House Nixes $10 Million Florida Road Earmark, Calls for Investigation

The House nixed a mysterious $10 million earmark for a Florida highway project while calling for a Justice Department investigation into the earmark's origins, a probe that likely will set its crosshairs first on Rep. Don Young.

Young, R-Alaska, made an about-face on Wednesday and fell in line with the bill to axe the $10 million Florida road study after he received strong criticism for his support of the 2005 earmark and his questionable relationship with a Florida land developer connected to the project.

Along with Young's support, the House passed the bill — a so-called technical corrections bill to the 2005 highway bill — with strong bipartisan support on a vote of 358-51. Eleven House members stayed neutral on the bill by casting "present" votes.

Click here to see a full copy of the bill, H.R. 1195, passed Wednesday (.pdf).

From the House floor, Young called the fix "a good bill" and said he was supporting it. But he also delivered a warning against the Senate's "meddling" in House affairs, and he defended his support of the project, saying it was not a favor for a friend, but rather a project supported by residents.

The earmark — inserted after the highway bill was approved — was to provide $10 million to study the widening of Coconut Road, which is a secondary route to Interstate 75 near Fort Myers, Fla.

"The goal was to provide $10 million for a study — not to build, but study this (road) interchange. ... This funding was totally justified and important to the area," Young said.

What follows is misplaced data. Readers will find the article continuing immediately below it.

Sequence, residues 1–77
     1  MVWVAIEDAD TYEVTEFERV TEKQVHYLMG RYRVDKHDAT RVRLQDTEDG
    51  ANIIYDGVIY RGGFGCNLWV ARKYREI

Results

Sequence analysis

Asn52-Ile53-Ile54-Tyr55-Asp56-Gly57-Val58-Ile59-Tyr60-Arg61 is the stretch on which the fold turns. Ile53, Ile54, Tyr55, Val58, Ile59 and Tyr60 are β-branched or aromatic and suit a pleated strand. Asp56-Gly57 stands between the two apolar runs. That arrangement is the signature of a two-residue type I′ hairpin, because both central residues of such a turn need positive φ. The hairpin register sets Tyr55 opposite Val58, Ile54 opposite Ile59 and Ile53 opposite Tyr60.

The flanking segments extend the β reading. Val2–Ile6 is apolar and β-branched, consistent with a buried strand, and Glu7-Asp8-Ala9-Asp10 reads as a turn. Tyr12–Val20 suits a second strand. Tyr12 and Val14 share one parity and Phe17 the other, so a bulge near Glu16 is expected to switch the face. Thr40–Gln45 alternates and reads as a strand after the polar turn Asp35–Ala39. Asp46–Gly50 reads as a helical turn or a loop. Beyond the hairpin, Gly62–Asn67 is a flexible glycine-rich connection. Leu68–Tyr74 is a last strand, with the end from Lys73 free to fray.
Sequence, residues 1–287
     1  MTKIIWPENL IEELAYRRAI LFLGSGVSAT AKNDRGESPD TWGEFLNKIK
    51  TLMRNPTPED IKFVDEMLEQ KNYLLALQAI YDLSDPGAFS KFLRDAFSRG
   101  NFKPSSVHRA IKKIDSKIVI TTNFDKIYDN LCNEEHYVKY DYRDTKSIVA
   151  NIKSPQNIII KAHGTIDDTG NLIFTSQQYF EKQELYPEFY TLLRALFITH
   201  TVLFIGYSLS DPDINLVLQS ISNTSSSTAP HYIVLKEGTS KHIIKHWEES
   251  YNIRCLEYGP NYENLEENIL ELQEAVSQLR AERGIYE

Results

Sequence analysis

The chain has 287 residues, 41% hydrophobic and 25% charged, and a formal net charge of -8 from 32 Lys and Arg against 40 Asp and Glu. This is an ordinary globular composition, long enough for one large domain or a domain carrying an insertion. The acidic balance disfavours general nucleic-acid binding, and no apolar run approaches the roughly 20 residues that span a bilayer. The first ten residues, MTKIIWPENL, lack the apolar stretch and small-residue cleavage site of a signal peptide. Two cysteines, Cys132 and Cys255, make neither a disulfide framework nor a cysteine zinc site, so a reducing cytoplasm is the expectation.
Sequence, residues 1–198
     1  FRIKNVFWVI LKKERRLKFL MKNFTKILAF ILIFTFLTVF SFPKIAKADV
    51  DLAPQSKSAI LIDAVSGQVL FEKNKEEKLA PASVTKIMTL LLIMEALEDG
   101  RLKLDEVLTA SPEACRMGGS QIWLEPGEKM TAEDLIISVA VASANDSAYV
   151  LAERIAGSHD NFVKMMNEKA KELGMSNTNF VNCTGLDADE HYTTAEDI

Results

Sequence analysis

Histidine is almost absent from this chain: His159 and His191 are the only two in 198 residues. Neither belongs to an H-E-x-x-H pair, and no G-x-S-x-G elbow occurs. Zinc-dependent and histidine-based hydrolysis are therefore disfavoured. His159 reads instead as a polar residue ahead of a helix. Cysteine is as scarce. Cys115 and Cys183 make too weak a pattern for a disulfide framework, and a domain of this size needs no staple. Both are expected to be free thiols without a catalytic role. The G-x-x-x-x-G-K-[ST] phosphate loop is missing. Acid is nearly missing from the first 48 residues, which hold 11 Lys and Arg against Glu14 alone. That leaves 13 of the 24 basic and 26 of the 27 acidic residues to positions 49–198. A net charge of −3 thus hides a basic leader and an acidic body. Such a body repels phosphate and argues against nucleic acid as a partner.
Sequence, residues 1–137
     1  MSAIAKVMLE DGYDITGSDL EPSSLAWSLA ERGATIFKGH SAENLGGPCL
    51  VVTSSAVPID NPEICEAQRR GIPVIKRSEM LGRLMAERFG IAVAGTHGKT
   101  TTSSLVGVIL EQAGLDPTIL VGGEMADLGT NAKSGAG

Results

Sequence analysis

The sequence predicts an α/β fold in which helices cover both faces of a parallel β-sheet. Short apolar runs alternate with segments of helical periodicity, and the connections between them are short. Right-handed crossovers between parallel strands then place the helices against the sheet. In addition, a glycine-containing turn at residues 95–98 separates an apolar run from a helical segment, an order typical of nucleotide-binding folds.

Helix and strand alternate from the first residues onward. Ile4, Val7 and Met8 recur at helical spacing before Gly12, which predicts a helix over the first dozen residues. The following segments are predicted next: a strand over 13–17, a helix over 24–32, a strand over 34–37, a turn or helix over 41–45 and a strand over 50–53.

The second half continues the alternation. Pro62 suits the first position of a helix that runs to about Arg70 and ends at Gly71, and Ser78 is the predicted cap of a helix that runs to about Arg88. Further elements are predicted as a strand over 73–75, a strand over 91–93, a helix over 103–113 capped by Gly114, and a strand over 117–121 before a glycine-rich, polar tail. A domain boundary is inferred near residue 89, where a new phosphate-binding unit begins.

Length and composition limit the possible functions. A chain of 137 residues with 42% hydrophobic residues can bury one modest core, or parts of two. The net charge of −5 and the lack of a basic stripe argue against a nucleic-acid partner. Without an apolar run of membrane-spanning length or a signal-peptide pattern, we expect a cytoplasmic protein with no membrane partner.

"Some of the media have made this study into being about one land owner in the area," Young said.

Critics point to Young's relationship with developer Daniel Aronoff. Young flew to Florida on a private plane owned by Aronoff, who later helped raise $40,000 for Young. Aronoff owns thousands of acres along Coconut Road.

Although Young was the House Transportation and Infrastructure Committee chairman at the time the bill passed, Young denies being behind the secretive insertion of the spending measure, saying he was not in the private "enrollment" room where such an earmark might have been placed into the bill, and there are any number of other people who could have done the deed.

"This study funding did not go to any one person. It did not got to any one group of people. The funding was to go to the state of Florida, where they choose to proceed with the study. This has always been a good project," Young said, adding that it would have been an added hurricane evacuation route.

Earlier this month, the Senate added the provision calling for the Justice Department investigation of the matter, a provision adopted under the House vote Wednesday.

Young admonished the notion while saying he would support an investigation, if that's what his House colleagues wanted.

"The Senate is meddling in House affairs. I'm supporting this bill. I welcome, if you want to welcome an investigation, into the House. I will support that. But remember, that is a slippery, slippery road which we're about to be involved in," Young said.

The fix to the earmark is nestled on page 84 of the 136-page bill approved Wednesday in a single paragraph that states the change will be made "in item number 462 by striking the project description and inserting 'I-75 widening and improvements in Collier and Lee Counties, Florida.' "

FOX News' Chad Pergram contributed to this report.